AP Photo/J. Scott Applewhite, File

MTTP – Pulling Fire Alarms in Crowded Theaters

Because I’m a nerd, I love to intentionally mix metaphors and mangle aphorisms on occasion. Lately, I’ve been thinking a lot about the Supreme Court — maybe even more than men think about the Roman Empire. I suspect that has more to do with the fact that we’re about at that time of year where the big decisions start being handed down — and there are some pretty consequential ones coming down the pike this year — than me engaging in some lofty intellectual pursuit. 

Be that as it may, on Tuesday, I happened to listen to the Court’s oral arguments in the Fischer v. United States case. And, like many, I was amused by Justice Gorsuch’s nod to recent history with his reference to “pulling a fire alarm before a vote” as a potential offense that might “qualify for 20 years in federal prison.” That and his sly wink at “mostly peaceful” protests let us know that Gorsuch is pretty well attuned to some of the silliness afoot in today’s media and legal landscapes. 


Supreme Court Hears Fischer: Case Could Throw Out Obstruction Charges Against Trump and Jan. 6 Defendants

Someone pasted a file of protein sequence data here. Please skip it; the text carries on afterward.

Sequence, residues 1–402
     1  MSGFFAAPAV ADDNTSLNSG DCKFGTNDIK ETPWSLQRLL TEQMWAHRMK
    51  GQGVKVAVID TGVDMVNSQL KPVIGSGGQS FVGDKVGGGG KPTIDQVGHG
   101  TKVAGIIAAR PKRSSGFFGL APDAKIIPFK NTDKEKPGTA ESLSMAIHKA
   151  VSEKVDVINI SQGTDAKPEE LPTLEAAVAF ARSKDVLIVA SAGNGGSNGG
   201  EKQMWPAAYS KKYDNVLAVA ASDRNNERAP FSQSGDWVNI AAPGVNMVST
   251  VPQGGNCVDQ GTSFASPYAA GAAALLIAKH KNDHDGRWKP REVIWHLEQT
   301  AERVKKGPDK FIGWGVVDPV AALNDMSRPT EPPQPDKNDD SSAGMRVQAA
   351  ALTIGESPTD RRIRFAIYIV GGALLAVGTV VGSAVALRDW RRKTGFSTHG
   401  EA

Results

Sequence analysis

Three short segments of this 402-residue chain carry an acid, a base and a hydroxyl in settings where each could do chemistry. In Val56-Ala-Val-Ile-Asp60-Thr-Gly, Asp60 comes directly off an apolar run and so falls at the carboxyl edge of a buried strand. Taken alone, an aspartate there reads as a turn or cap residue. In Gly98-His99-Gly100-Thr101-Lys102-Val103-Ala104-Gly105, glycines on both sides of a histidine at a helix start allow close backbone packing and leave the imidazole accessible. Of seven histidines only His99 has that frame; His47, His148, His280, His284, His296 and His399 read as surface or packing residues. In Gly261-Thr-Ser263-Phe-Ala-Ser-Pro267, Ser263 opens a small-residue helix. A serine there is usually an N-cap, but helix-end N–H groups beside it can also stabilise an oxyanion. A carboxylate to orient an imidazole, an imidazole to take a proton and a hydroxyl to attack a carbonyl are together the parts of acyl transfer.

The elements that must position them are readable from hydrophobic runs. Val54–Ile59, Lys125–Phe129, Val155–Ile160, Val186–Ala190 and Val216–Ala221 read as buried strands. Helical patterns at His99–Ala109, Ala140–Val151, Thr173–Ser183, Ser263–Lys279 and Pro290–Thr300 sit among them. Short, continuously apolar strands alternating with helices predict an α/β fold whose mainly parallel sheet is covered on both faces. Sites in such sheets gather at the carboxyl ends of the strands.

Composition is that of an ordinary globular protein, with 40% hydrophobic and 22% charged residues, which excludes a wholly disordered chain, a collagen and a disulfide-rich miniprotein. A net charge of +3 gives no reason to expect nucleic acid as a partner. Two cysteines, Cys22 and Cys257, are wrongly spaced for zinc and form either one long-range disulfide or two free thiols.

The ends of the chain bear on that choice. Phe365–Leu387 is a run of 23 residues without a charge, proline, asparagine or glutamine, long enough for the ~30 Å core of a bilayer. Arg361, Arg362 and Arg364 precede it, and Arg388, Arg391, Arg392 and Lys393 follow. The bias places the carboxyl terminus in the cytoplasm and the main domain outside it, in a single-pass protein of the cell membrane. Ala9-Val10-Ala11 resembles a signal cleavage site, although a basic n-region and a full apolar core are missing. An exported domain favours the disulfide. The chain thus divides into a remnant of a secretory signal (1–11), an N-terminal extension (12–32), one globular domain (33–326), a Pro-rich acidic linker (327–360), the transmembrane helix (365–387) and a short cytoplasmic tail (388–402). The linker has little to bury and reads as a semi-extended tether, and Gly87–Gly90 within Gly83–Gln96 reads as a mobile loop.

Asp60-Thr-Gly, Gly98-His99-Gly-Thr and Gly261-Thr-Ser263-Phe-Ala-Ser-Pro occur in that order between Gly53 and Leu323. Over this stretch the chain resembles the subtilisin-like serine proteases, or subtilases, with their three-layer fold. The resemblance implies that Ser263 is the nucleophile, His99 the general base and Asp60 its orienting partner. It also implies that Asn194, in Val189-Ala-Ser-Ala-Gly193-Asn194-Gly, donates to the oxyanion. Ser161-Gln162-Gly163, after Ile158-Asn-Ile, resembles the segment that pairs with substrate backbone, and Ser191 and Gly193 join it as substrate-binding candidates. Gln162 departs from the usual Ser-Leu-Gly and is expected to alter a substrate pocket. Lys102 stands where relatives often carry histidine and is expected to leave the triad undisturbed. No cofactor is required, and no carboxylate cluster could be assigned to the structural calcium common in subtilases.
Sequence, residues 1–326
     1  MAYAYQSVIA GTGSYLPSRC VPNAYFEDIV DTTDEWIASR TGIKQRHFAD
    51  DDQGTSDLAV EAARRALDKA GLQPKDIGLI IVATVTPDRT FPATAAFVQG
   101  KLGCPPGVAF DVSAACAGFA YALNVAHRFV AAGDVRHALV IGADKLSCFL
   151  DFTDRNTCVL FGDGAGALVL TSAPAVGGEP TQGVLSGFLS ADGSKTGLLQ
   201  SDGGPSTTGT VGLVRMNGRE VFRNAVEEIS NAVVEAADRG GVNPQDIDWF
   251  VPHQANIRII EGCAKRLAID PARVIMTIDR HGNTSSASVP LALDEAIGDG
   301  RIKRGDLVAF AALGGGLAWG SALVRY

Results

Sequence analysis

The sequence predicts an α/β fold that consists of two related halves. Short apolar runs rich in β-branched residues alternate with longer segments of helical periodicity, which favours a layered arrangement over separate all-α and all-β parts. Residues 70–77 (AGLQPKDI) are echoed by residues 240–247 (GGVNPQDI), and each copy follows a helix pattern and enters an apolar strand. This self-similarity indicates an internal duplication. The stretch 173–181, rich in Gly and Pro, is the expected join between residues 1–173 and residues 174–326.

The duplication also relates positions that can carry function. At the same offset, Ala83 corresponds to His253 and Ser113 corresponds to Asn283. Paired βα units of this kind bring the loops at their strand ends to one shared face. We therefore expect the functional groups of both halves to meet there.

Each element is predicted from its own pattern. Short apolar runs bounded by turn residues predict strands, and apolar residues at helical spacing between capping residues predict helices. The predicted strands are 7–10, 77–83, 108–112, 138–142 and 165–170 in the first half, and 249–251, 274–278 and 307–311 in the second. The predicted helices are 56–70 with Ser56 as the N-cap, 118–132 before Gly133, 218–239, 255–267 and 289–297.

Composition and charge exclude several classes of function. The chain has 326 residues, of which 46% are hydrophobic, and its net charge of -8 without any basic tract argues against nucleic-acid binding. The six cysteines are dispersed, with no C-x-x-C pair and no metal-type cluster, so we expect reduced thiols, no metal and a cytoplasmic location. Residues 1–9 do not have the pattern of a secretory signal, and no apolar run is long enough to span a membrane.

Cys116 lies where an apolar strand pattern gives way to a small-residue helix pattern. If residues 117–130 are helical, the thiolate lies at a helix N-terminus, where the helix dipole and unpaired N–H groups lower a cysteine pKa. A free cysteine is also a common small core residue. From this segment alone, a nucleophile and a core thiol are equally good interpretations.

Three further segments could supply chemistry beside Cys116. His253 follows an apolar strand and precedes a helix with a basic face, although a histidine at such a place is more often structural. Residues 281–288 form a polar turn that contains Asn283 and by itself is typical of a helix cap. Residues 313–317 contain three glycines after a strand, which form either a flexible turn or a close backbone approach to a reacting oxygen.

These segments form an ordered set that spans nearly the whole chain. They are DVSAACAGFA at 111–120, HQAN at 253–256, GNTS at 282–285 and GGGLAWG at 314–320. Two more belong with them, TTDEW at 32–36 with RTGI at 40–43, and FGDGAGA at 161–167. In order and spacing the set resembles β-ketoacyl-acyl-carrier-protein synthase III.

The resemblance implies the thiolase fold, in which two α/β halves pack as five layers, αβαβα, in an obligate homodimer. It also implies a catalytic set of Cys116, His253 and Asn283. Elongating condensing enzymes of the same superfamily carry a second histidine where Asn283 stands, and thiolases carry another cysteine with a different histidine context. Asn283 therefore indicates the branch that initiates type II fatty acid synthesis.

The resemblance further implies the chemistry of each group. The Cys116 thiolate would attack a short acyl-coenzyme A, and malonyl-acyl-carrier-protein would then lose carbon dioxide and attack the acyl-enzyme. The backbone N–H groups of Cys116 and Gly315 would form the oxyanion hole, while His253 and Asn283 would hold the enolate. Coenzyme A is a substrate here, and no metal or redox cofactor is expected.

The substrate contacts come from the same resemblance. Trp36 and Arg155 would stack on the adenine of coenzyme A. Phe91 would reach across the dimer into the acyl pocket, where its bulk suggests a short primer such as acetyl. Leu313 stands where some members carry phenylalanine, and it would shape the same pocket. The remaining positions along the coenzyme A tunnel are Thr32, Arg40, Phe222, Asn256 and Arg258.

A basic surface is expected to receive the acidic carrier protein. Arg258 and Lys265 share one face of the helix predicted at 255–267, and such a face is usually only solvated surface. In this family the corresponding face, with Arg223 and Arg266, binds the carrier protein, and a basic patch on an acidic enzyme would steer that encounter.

SO GOOD: During Oral Arguments, Justice Gorsuch Goes There on January 6th Defendants and Jamaal Bowman

That, in turn, brought to mind the tired trope of “fire in a crowded theater,” which I’ve seen trotted out quite a bit lately in discussions surrounding free speech and the First Amendment.

All of which got me wondering if pulling a fire alarm in a crowded theater (rather than the halls of Congress) would have gotten Jamaal Bowman 20 years in federal prison. 

Yeah, probably not. 

Leave a Reply

Your email address will not be published. Required fields are marked *

Arkansas Gov. Responds to Podium Controversy With ‘Come and Take It’, J6 Lectern Guy Hilariously Responds

Late Night ‘Emergency Ruling’: Conservatism Conference Can Go Ahead, Mayor Exceeded Authority by Sending Police to Shut Down Free Speech